Hear, hear CMS!
One note of caution, though. Neither the quality measure specifications nor the test scripts that EHR providers need to move ahead with development are available, so the rules we have in hand aren’t exactly the “final package” needed for us to do the work to get our products ready. These detailed specifications are critical to our product development process, and while CMS halved the number of clinical quality measures for Stage 2 from what they’d proposed, we still estimate that complying with the rules will require thousands of hours of development work. And that doesn’t even address the certification test scripts…
Bottom line: Thank you to CMS and ONC for releasing the official rules, but please, keep it coming! None of us are done yet!
Do you think CMS did a fair job of handling the provider reporting period? Do you have other concerns about Stage 2? Register for our live webcast here, and leave a comment below.
Today’s historic ruling by the US Supreme Court upholding the vast majority of President Obama’s Affordable Care Act is good news for healthcare IT proponents who support the many key elements of the law already making a positive impact on healthcare.
While the media have focused their coverage of the law on the individual mandate and other political hot potatoes, they have largely ignored the many programs under the law that have nothing to do with insurance coverage but rather provide innovative new approaches to reimbursement.
For example, the Center for Medicare and Medicaid Innovation (CMMI), which was created by the Affordable Care Act, has launched several programs that have substantial promise in relation to delivery system reform. All Americans – all of us patients — can be thankful that these initiatives will now keep moving forward.
The good news, too, is that the view that we must reshape, reform and refund our healthcare delivery system is one that is generally supported by members of Congress, whether or not they agree that “Obamacare” accomplishes that goal. Allscripts works with government officials on both sides of the aisle and we have found that health information technology and its role in delivery system reform is not so much a bipartisan as non-partisan issue.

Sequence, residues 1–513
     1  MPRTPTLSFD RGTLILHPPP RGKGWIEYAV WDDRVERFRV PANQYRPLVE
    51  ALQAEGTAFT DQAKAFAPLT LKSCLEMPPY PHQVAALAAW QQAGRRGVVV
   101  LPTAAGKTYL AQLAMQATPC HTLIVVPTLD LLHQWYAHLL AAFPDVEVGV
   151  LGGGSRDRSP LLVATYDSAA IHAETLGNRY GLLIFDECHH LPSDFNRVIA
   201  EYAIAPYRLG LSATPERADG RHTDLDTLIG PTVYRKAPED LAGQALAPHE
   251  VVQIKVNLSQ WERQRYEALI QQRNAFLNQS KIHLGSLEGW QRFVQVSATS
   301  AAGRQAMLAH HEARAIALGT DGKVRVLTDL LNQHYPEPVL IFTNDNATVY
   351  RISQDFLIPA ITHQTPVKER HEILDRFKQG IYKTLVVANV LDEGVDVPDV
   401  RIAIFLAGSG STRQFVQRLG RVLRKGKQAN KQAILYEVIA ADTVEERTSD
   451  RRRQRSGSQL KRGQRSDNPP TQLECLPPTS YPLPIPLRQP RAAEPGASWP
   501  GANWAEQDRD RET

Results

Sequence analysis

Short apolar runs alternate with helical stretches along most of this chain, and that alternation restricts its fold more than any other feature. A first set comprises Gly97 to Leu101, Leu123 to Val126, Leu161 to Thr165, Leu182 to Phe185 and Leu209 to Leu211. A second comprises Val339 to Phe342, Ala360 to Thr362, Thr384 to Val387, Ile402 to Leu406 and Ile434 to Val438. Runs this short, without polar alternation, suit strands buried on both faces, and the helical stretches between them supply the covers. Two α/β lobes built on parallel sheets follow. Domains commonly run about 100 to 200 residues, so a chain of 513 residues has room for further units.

Why? Because elected officials of all political persuasions understand the gravity of the healthcare challenge in this country. They understand that we need to know what care is being provided to whom and how it turns out, in order to be able to apply a fix.
It’s worth pointing out, too, that the kind of reforms we’re talking about – a strategic shift in how we pay for healthcare – are spreading like wildfire well past Medicare. There are more initiatives than I can count taking place across the country – everything from Accountable Care Organizations (which, according to a new study by Leavitt Partners, have increased in number by 38 percent in the last six months alone, most of them commercial) to community health teams to medical homes specifically focused on the care delivered to patients who are dually eligible for both Medicare and Medicaid. I’m inspired by the Allscripts clients (from small physician practices to large integrated delivery networks) that have embraced the evolving reimbursement and delivery market that’s being built around them.
The high court’s Affordable Care Act decision will extend and empower these and other new and creative approaches to fixing the country’s systemic healthcare challenges, enabling us to keep moving further along the track of value-driven healthcare.
Question: What are your thoughts on today’s ruling? And how do you think it will impact the initiatives already underway or planned within your organization?
Where’s Paul Shaffer when you need some theme music?
Now that the comments on the Meaningful Use Stage 2 Notice of Proposed Rulemaking (NPRM) have been submitted by anyone with an opinion and Internet access, the media is making hay of all the negative feedback from industry stakeholders. There have clearly been some provocative conversations. There’s even a protest planned in response to one organization’s suggestions!